PCS’s national ballot for strike action over pay failed to meet the 50% turnout threshold imposed by the Trade Union Act. This despite the most intensive period of activity in the union’s recent history. What do we learn from this? And what comes next?
The first thing to say is that despite the tangible sense of disappointment felt by all of us as activists, we can be proud. The result wasn’t what we wanted, but the commitment and effort of everyone who leafleted, who canvassed members in the workplace and who gave up their own time is not in doubt. But that commitment is also why this will be scant comfort, and many will want to know where we went wrong, and what we can do better.
Let’s focus on the positives first.
The activist training schools that ran ahead of the launch of the ballot, the first of their kind in PCS, were an extremely welcome development. They showed that at least parts of the union were beginning to re-orient towards the kind of organising we need, and a recognition that building from the ground up is vital. We need more of this, and a wider effort to teach all reps how to organise and build campaigns in the workplace.
Obviously, having an NEC that learns the lessons as well is vital.
Likewise, it was heartening to see not just the level of activity in terms of leafleting and so on, but also the amount of support given to branches by the union apparatus. The cooperation between branches, through town committees and similar, as well as the deployment of full time staff to enable local organising efforts both represent developments that PCS needs to maintain now that we have left the ballot period.
These efforts paid off in the level of engagement of members with the campaign, in the recruitment of new members (some 2,000 according to the General Secretary’s recent YouTube message) and activists, and in helping many branches improve their density and organisation levels. We need to ensure that the improved organisation is maintained, and the new activists are encouraged and supported in getting more involved.
In terms of lessons to be learned, the most vital one will be identifying where we are weak as a union and addressing that.
The consultative ballot last year gave PCS a breakdown of the turnout by office and branch which showed where our areas of strength and our shortfalls were. This was referenced in the efforts this time around, with more full-time staff and senior lay reps encouraged to leaflet in those areas. But there needs to be more than this now, that is a forensic examination of where the union is coming up short and a concerted effort not just to mobilise the next time a campaign requires it but to actively rebuild the union from the ground up. That must start now, as a matter of urgency, to lay down a foundation we need that can pay off in the future.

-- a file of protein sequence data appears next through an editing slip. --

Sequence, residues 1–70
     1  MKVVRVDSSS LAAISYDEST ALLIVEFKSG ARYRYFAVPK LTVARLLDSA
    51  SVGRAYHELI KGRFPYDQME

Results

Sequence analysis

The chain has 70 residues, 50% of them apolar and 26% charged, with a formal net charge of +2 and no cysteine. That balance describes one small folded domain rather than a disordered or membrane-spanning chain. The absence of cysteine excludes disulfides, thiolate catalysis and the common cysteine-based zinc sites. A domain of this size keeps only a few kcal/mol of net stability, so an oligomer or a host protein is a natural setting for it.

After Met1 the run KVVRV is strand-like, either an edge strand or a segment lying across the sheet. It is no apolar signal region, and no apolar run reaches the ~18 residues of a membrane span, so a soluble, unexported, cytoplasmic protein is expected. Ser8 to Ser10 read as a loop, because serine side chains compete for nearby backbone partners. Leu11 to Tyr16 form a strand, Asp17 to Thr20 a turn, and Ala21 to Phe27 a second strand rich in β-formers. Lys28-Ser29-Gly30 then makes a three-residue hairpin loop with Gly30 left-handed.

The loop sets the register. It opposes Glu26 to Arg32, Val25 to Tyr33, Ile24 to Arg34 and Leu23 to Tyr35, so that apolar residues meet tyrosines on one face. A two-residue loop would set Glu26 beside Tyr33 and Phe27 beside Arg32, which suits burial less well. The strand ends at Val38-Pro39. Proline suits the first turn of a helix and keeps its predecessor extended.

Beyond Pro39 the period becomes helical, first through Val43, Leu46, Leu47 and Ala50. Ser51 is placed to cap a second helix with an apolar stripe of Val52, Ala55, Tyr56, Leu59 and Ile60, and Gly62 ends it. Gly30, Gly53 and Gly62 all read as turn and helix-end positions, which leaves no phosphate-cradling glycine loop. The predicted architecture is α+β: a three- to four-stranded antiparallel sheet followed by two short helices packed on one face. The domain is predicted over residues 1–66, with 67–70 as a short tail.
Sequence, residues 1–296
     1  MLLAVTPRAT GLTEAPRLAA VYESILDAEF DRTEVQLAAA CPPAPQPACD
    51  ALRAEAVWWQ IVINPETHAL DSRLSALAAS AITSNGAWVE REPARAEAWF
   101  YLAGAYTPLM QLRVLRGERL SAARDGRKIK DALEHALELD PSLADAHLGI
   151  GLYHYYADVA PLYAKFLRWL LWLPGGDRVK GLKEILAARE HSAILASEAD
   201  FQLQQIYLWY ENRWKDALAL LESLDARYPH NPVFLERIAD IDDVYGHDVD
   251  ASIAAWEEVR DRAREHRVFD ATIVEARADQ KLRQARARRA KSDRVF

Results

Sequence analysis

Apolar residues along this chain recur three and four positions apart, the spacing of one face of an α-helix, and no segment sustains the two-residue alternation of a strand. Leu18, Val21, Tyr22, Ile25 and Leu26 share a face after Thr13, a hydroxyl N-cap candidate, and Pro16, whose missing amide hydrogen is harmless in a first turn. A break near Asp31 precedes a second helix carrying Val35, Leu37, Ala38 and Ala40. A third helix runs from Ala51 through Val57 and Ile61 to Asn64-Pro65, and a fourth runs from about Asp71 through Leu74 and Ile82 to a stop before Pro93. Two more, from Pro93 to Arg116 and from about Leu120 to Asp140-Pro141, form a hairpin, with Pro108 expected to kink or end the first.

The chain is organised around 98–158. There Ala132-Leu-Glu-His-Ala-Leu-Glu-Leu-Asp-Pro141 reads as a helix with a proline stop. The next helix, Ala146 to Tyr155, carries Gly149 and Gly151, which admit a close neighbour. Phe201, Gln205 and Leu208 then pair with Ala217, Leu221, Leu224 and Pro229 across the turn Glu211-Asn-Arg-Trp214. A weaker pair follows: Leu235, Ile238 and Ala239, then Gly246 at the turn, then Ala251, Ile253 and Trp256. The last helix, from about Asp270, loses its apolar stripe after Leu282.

Which also highlights the lull in activity between the close of the consultative ballot and the decision at Conference to run a statutory ballot. The monthly pay protests continued, but little else from a national perspective.
There can have been no doubt that the consultative ballot turnout would lead to a statutory ballot. In the intervening seven months, we had ample time to lay the organisational groundwork for a decisive result. More activist schools, and earlier, covering not just what was needed during the ballot period but how we made the most of the lead up. Using the workplace mapping and organising skills those schools could teach to take a more deliberate and painstaking approach to getting ballot addresses, grade information and more that we needed absolutely correct. Building and maintaining the momentum of the campaign.
In some branches, these things were already being done as a matter of course. This is because amongst our lay activist base PCS has a number of skilled and experienced organisers who have been assets to the pay campaign. Co-opting such activists full time to the ballot effort would have undoubtedly made them even more effective, and it is something that PCS needs to seriously consider.
Where we are now is that we didn’t get the result we needed from the ballot. It is easy to take that as a defeat and call it quits, or (perhaps worse) to simply take it on the chin and try again in a few months and hope that it works out better then. Both approaches are wrong.
The union needs to be honest and transparent in its analysis of what happened. Where we did things right, we need to assess how we can make those things even more effective than last time – and, just as importantly, how in the meantime we can maintain and build upon the foundations they have given us. Where we got things wrong, we need to be willing to admit that, learn from it, and do things differently.
There are different challenges in this respect at different levels. The NEC will be discussing where we go from here, but similar conversations need to be happening in workplaces, branches, regions and groups as well. Learning from what we did wrong as well as what we did right, and addressing any hurdles or pitfalls we may face – even where ‘politics’ may dictate it is difficult or less than tactful to do so.
We can win this fight, and we can smash ballot thresholds in the future. Key to that is rebuilding the union and re-orienting it towards organising the workforce from the ground up.